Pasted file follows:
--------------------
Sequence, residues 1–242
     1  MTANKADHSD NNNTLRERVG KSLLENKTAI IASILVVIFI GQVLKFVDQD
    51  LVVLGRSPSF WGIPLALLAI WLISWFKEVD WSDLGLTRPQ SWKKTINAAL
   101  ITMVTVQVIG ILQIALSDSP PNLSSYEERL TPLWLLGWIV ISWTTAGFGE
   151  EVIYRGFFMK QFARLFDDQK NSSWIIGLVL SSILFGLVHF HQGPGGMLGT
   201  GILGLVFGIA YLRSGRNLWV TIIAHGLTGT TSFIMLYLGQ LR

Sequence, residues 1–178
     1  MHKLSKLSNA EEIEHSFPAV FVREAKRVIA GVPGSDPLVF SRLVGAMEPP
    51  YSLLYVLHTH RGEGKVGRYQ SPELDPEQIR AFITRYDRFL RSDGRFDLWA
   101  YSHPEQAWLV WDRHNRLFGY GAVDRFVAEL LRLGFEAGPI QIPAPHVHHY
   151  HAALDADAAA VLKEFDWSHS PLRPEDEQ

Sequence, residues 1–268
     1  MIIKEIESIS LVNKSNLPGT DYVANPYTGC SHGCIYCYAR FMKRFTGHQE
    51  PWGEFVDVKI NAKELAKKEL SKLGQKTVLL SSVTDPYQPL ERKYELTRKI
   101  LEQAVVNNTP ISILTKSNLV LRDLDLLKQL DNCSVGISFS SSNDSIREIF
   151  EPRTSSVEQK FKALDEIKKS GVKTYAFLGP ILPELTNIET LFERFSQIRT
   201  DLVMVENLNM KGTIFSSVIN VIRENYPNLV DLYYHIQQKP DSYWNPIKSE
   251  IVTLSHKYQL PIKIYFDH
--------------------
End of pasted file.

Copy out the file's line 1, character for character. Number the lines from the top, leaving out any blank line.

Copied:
Sequence, residues 1–242